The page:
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MedArrive fills mobile care tank with $8M

Illustration of a long, winding road with red health crosses painted down the middle as lane dividers

Illustration: Annelise Capossela/Axios

In-home care enabler MedArrive filled its tank with $8 million in funding steered by Cobalt Ventures.

Why it matters: The funds offer extra padding ahead of a formal Series B in an increasingly tight fundraising market, CEO Dan Trigub tells Axios.

Deal details: Cobalt Ventures, a wholly owned subsidiary of Blue Cross Blue Shield of Kansas City, led the round, tipping MedArrive's total funding to $40.5 million.

  • Trigub declined to say when the company plans a Series B.
  • "Given the uncertainty in the markets and not knowing when we may go and raise a Series B, this is a great opportunity to give us more runway and it was even better that it was with a strategic investor," says Trigub.
  • MedArrive is using the funds to hire case managers, nurse practitioners and social workers and to advance its tech and product roadmap.

How it works: Co-founded by Trigub, who formerly steered health efforts at Uber and Lyft, MedArrive links payers and providers to a network of EMTs, paramedics and nurse practitioners to offer in-home care that can be managed with a virtual platform.

  • The company's services include diagnostics, health assessments and post-acute care.
  • MedArrive is currently working with over 12 payers, mostly in Medicare Advantage and managed Medicaid.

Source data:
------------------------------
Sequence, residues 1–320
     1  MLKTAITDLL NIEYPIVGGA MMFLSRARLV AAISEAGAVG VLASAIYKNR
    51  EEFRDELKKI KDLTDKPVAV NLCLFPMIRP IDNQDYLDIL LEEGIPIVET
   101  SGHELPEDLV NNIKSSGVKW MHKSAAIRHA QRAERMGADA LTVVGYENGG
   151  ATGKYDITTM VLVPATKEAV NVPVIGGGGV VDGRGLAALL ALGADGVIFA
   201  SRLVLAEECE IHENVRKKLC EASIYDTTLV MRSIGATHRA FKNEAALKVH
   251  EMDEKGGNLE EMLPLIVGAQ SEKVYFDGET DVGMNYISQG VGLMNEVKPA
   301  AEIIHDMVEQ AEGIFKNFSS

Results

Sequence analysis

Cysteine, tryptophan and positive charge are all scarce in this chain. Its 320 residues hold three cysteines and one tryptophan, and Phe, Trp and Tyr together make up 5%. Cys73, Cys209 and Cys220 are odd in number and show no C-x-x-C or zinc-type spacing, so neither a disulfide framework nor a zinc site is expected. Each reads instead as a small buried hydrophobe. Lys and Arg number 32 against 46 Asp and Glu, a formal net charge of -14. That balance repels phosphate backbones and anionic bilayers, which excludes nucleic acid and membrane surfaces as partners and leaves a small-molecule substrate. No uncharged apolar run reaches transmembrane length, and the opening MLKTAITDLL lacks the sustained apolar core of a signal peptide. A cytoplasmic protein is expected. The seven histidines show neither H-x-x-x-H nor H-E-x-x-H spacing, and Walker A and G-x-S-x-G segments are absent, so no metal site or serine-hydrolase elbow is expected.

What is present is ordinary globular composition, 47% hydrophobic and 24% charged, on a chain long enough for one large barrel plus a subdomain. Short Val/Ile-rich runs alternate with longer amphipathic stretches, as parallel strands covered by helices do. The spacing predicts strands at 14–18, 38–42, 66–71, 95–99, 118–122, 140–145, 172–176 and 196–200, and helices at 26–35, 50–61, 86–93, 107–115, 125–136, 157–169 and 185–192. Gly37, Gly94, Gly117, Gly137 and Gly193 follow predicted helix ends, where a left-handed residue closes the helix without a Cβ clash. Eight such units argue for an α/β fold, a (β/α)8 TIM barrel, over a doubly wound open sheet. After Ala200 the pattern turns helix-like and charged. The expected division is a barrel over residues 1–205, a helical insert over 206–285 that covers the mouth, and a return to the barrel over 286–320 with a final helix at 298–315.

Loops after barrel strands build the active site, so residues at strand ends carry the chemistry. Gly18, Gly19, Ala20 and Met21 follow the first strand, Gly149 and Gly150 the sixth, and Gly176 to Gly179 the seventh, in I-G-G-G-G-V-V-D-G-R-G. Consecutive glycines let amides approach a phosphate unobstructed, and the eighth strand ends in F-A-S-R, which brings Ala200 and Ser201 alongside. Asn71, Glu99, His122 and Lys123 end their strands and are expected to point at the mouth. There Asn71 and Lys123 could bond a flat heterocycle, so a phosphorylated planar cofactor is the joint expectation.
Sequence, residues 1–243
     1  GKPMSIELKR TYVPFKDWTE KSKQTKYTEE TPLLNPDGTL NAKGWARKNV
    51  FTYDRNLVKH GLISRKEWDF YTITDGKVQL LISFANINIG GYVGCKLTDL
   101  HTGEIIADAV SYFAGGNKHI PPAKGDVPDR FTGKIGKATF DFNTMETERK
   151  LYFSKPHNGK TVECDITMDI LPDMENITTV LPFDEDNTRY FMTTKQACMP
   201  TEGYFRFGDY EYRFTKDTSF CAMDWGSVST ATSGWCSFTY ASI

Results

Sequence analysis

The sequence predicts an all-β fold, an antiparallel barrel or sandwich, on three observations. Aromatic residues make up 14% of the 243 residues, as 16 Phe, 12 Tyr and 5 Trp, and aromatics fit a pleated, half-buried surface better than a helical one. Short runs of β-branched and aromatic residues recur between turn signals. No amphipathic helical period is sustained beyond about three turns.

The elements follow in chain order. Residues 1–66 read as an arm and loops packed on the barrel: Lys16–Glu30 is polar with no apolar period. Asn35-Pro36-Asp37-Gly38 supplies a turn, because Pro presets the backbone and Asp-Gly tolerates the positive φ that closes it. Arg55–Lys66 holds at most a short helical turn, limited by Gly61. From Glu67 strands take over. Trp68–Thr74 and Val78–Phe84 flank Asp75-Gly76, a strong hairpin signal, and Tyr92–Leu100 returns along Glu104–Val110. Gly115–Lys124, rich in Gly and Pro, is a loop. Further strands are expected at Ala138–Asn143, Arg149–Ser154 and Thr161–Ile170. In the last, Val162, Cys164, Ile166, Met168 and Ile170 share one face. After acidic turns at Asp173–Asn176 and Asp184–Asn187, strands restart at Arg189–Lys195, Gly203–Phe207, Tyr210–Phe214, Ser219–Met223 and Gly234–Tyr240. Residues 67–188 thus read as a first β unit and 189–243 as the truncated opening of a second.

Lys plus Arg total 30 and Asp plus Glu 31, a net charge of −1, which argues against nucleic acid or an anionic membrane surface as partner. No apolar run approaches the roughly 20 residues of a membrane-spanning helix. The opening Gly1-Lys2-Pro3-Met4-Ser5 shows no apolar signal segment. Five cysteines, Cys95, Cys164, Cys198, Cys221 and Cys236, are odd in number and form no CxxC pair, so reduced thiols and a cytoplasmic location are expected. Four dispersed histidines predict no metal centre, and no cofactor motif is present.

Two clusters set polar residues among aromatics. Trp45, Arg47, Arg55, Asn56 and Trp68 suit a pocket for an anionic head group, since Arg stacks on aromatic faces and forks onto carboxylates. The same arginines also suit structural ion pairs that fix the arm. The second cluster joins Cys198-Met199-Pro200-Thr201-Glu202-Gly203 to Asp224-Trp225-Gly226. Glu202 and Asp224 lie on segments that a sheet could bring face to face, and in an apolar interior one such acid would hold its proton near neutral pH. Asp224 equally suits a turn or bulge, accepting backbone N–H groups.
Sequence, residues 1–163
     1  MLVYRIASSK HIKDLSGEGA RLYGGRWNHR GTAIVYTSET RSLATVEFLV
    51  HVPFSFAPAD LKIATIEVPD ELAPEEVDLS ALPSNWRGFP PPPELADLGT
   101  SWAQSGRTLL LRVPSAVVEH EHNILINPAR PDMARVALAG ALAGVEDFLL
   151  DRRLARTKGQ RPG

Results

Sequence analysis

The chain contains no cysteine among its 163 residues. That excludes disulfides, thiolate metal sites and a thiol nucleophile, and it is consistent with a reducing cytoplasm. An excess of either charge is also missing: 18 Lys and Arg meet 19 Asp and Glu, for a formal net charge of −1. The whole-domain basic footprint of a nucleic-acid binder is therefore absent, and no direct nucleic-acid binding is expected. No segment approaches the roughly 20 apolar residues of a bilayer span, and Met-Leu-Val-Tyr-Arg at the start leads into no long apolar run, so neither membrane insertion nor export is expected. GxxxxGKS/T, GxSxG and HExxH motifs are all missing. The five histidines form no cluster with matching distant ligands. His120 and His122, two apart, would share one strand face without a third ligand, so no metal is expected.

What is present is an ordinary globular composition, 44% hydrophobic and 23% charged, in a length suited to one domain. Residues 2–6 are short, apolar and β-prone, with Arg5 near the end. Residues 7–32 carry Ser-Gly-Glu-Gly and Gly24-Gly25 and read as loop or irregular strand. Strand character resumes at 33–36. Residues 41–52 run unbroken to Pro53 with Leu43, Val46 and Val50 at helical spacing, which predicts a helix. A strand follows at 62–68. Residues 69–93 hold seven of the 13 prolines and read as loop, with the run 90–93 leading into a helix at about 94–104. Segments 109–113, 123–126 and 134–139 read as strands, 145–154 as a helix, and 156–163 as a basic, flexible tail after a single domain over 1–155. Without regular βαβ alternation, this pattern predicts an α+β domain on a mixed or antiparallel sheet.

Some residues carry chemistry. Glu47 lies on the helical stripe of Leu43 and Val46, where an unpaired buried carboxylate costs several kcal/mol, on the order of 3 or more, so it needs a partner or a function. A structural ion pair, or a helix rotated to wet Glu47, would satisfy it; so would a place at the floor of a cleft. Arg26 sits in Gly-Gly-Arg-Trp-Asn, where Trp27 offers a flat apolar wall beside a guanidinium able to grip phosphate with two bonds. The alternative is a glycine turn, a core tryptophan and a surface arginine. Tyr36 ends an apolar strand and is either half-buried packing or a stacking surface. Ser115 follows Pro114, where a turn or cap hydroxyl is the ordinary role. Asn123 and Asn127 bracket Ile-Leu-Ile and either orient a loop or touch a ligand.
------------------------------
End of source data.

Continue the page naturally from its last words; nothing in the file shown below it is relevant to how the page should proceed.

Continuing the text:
The intrigue: A few obstacles litter the road ahead for MedArrive, including its personalized approach to care and an ongoing home health labor churn.

  • "We don’t have a box we give a health plan where they can just pick it up and start," says Trigub. "Every single one is different. So the challenge is continuing to grow and scale efficiently."
  • The home care industry has been rankled in recent years by staffing woes, scheduling gaps and waiting lists for services.

What we're watching: Will strategic funding rounds like this become more common as health tech startups navigate a bumpy financial and political road?

State of play: Following a surge of interest in remote care amid the pandemic, several other mobile care companies have managed to hold continued investor attention in recent years.

  • High-acuity home care provider DispatchHealth last fall raised $330 million in combined equity and debt financing from backers including Optum Ventures and Echo Health Ventures.
  • Hybrid home care startup Homeward Health last summer pulled in $50 million in Series B funds led by Arch Venture Partners and Human Capital.
  • On-demand health service Ready in 2020 amassed $54 million in Series C capital.

What they're saying: "Telehealth works great for healthy 20-year-olds, but for a population that’s complex with co-morbidities it doesn’t do all that much," Trigub says. "Being the physician extender into the home, we think that can be a really powerful clinical model."

  • Cobalt managing partner David Eichler says the company stood out to the firm "because it demonstrates you can build trust with an important population and positively impact their health without requiring an expensive, resource-intensive infrastructure to maintain.”

Catch up quick: MedArrive raised a $25 million Series A led by Section 32 in 2021.

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